According to online publisher TechCrunch, by 2020, globally there will be 6.1 billion smartphone users, led by huge growth in less mature markets. That works out to approximately 70 percent of the world’s population using these devices. In addition, research giant Ericsson predicts that “regions like Asia Pacific, the Middle East and Africa will account for 80 percent of all new subscriptions” by 2020.

As the need for access and communication across the globe grows, smartphones will only continue to grow in popularity. They are often the user’s primary lifeline to the Internet, and that doesn’t just mean while away from home. A growing share of smartphone users are now using their devices as their primary means of online access while at home.

So, with the growth of smartphone usage and the clear benefits of open standards, why have only 11 percent of Federal Agencies embraced an open networking approach?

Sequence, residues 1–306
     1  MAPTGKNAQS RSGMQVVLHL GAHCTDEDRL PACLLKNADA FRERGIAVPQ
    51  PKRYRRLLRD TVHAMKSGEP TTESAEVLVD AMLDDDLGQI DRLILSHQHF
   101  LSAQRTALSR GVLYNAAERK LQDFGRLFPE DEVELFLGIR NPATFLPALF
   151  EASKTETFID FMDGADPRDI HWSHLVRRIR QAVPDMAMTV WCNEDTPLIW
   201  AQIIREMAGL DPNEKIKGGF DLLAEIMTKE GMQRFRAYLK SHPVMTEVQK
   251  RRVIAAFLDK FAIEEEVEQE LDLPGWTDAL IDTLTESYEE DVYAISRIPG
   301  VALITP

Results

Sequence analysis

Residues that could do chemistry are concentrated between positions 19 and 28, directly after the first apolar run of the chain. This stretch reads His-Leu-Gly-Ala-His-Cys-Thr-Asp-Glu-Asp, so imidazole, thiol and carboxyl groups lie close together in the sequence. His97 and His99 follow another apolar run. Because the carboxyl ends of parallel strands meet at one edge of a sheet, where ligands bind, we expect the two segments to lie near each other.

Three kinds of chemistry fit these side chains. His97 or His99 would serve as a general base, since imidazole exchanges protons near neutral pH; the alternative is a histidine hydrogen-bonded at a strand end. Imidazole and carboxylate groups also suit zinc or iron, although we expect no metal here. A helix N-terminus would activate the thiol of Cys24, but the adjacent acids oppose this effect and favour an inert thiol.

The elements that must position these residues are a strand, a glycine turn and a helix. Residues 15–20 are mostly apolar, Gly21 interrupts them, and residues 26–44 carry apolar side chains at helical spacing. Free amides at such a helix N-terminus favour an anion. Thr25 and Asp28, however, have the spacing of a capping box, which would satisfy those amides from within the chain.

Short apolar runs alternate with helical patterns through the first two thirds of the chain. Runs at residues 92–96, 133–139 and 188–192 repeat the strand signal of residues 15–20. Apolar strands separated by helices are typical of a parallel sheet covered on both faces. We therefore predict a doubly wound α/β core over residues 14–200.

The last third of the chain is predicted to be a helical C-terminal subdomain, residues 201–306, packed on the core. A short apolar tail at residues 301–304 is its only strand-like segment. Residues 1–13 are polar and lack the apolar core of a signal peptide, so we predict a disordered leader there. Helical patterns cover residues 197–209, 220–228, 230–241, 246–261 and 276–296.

That question is at the heart of a recent video from Brocade Communications Systems. The battle for proprietary versus open standards in the era of smartphones has long been debated and documented. However, this video offers the opinion that open standards help to drive down costs and amp up innovation which will serve to benefit and give choices to the millions of people using smartphones every day. Oftentimes, many agencies incorrectly believe that proprietary standards mean a more secure network. However, the opposite is true. As our Principles of Open Standards show, innovation and collaboration within the framework of open standards allows for better global interoperability, scalability, stability, and resiliency as well as enabling global competition and continuously encouraging providers to provide the best security possible.

Mobile devices are creating an opportunity for dynamic Internet resources to become available to greater and greater numbers of people. Because of that, keeping the Internet safe, stable, open and interoperable is of greater importance than ever. Open standards that align to our Principles will continue to play a critical role in creating an open internet and driving open innovation, serving as the building blocks for future development of the expansive Internet community.

Where do you land on the proprietary versus open standard argument for smartphones?